Bleach, despite its long-standing use in households and commercial spaces, has recently come under scrutiny due to incidents like the following bleach related death, we wanted to make sure that we give our customers as much safety information as possible - even if it has nothing to do with our products. There are very definitive dangers of bleach to health and welfare. Such alarming events underscore the pressing need to understand and respect the potency of this chemical.
Bleach: A Bane in Disguise
Bleach, mainly comprising sodium hypochlorite, is hailed for its disinfectant properties. Its prowess in eliminating stains and microbes is unparalleled. But its efficacy comes at a price—potential health and environmental hazards. While bleach’s pungent aroma and potential for material destruction are concerns, its real danger lies in its health implications. Despite these risks, bleach remains a ubiquitous cleaning agent. But why?
Trapped in Tradition
Bleach's existence traces back to the 17th century. This enduring legacy often equates to a handed-down habit: if our predecessors used it, it must be safe, right? Wrong. Although technology, transportation, and treatments have evolved, bleach usage remains stuck in a time warp.
The rationale behind its widespread use is simple:
- Underestimation of its peril
Many choose bleach for its cost-effectiveness, often overlooking its lurking dangers.
The Unseen Menace in the Workplace
Primarily a solution of sodium hypochlorite, bleach reacts with several substances, leading to discoloration and material breakdown.
OSHA highlights multiple health hazards associated with bleach. Exposure may result in:
- Respiratory issues
- Organ damage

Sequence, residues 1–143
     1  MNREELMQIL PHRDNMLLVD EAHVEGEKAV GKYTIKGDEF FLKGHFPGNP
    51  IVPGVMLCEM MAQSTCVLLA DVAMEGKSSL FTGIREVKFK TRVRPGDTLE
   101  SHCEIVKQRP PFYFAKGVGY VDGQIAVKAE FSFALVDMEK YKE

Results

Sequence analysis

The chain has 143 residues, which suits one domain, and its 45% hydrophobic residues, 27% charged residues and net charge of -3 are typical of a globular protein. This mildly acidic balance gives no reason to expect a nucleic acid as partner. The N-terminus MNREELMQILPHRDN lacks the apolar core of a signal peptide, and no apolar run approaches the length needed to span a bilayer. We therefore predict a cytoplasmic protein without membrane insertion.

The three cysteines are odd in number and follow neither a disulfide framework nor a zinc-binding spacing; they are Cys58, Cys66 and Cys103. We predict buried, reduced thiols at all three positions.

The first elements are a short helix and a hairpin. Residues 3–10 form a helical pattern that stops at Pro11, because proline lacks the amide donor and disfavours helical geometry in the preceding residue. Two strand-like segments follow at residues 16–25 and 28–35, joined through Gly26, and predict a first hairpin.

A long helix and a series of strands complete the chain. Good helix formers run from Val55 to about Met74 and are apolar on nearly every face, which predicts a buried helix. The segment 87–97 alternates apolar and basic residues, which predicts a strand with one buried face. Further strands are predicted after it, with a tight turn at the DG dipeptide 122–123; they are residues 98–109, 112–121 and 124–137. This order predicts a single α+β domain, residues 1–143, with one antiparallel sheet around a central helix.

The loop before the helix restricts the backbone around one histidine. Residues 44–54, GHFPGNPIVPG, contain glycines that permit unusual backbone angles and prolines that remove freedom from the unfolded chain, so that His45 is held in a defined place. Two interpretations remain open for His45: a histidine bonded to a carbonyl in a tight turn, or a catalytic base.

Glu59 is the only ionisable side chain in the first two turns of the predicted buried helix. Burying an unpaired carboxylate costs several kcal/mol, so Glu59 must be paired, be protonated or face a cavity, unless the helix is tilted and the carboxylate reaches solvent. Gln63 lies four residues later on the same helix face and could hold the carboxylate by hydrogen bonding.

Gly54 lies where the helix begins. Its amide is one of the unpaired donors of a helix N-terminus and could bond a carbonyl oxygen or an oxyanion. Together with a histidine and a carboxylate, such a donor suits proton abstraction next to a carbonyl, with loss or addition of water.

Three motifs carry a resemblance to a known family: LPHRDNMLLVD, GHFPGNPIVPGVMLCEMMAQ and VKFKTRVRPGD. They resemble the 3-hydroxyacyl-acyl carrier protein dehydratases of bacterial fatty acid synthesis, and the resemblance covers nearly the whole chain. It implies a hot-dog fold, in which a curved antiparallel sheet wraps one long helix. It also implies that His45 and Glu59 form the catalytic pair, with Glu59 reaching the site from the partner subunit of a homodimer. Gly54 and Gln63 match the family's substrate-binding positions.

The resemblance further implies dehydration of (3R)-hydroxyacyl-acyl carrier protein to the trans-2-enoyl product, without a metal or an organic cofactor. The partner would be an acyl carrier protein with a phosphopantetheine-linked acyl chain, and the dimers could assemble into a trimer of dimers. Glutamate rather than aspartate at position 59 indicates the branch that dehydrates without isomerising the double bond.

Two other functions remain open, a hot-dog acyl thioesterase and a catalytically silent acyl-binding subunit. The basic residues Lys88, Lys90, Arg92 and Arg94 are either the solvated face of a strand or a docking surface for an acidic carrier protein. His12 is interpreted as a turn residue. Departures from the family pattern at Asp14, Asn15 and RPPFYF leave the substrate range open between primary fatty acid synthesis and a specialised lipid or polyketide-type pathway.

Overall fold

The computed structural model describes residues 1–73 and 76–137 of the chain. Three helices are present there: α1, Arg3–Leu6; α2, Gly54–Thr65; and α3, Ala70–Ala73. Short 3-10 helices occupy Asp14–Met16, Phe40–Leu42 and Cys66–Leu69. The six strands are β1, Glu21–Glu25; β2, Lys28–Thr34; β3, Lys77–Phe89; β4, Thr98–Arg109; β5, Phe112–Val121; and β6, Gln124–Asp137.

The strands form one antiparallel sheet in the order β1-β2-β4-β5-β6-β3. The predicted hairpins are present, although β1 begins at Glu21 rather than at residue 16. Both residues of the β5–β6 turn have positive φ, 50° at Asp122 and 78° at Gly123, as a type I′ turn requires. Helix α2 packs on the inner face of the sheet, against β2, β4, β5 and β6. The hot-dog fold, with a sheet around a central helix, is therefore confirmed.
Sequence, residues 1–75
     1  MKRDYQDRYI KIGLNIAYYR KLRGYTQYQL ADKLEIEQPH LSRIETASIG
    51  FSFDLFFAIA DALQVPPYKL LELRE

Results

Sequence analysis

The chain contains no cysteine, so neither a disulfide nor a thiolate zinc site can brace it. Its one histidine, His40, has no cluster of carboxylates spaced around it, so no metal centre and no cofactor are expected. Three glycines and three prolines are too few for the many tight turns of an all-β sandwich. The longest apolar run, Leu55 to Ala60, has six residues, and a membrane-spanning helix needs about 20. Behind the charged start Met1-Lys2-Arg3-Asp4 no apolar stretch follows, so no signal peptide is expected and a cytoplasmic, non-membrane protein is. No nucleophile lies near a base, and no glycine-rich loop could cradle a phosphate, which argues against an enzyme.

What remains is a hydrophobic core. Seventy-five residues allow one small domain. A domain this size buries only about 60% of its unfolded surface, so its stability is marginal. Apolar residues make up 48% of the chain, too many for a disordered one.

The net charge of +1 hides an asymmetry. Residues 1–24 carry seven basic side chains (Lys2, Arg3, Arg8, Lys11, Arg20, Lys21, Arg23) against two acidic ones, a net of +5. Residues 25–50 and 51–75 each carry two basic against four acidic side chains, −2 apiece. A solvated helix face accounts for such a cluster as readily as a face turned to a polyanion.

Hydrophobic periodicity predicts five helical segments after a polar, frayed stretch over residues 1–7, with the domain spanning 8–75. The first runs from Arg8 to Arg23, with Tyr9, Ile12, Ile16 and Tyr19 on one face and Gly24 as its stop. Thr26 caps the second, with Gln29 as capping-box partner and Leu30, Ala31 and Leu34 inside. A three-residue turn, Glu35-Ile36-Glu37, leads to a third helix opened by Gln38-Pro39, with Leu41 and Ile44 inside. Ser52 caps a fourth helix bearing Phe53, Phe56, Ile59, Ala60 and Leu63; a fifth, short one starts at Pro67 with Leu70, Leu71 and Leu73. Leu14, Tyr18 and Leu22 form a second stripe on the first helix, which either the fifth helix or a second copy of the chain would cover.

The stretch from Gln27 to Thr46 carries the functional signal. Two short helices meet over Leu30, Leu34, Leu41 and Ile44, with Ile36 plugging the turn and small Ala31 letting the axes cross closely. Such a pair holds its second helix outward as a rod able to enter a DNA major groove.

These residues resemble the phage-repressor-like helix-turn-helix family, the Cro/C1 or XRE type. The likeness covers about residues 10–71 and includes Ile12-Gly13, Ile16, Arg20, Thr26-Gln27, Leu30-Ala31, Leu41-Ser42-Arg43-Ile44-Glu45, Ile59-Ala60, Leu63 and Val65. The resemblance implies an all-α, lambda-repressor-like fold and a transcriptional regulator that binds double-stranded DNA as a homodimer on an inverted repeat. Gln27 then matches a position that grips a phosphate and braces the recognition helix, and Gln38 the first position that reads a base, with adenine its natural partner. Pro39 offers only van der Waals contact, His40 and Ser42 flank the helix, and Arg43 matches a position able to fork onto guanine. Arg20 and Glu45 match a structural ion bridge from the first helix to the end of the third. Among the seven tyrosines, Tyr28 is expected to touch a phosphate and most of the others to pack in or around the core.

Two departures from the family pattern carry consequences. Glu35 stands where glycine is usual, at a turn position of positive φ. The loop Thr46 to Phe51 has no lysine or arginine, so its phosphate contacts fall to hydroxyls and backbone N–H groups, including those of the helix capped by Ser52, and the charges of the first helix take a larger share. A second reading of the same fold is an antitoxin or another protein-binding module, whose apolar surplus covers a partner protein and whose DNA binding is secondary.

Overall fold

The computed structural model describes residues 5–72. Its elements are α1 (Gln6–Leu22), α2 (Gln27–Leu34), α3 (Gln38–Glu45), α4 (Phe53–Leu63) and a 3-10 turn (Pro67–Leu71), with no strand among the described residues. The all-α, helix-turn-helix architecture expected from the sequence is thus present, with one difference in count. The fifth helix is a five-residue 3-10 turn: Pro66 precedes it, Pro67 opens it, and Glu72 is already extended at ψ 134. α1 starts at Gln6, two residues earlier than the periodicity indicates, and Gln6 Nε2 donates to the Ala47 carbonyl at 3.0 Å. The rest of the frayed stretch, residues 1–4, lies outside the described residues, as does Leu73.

- Burns or irritation to eyes, skin, throat, etc.
- Potentially fatal tissue damage
To mitigate these risks, OSHA advises:
- Opting for safer cleaning alternatives
- Strictly adhering to label directions
- Using Personal Protective Equipment (PPE)
- Minimizing exposure duration
- Ensuring proper dilution
- NEVER mixing bleach with other chemicals
Especially vital is the last point. Bleach, when combined with certain substances, produces toxic gases – a fact tragically validated by numerous injury and fatality reports.
The Environmental Cost
Beyond human health, bleach endangers our ecosystem. When used extensively, particularly in industrial settings, resultant wastewater, laced with bleach, contaminates local water sources, jeopardizing aquatic life.
OSHA (The Occupational Safety and Health Administration) has documented lots of potential health issues that can occur when working with bleach. These issues can include respiratory distress, pain, burning, irritation, as well as damage to lungs, organs, eyes, nasal passages, throat, skin and other body parts. Even in a short period of time, bleach can permanently damage tissue or cause death. In fact, it’s recommended that anyone using bleach:
- Use alternative cleaners when available
- Read all packaging for safe use instructions
- Wear personal protective equipment (PPE) including gloves, masks, and eye protection to avoid bodily exposure
- Limit the amount of time you are in a location where bleach is present
- Properly dilute bleach based on need/use
- Avoid mixing bleach with any other chemical
This last point is extremely important. Mixing bleach with other cleaning or chemical components can create a dangerous reaction resulting in noxious fumes. Sadly, there have been countless injuries and deaths related to bleach exposure and fume inhalation.
Another point to call out is that bleach is bad for the environment. Bleach, especially in commercial settings, is often used in massive quantities. This means gallons of wastewater containing bleach are released into local bodies of water – impacting fish and wildlife populations.
Modern, safer, and eco-friendlier alternatives to bleach abound. These alternatives offer effective cleaning without the hazardous repercussions.
Your well-being is paramount. Reach out if you're seeking guidance on bleach-free cleaning solutions. At CAF, we're committed to a cleaner and safer world for all.
There are an abundance of bleach-free alternatives for cleaning and disinfecting different surfaces that are safer for you and the environment. It’s always best to explore these other options before turning to bleach.
Remember, your safety is always a priority. If you have questions on cleaning or better bleach-free alternatives, give us a shout! We’d love to give you some ideas on cleaners that are healthier for you, your workplace and the environment.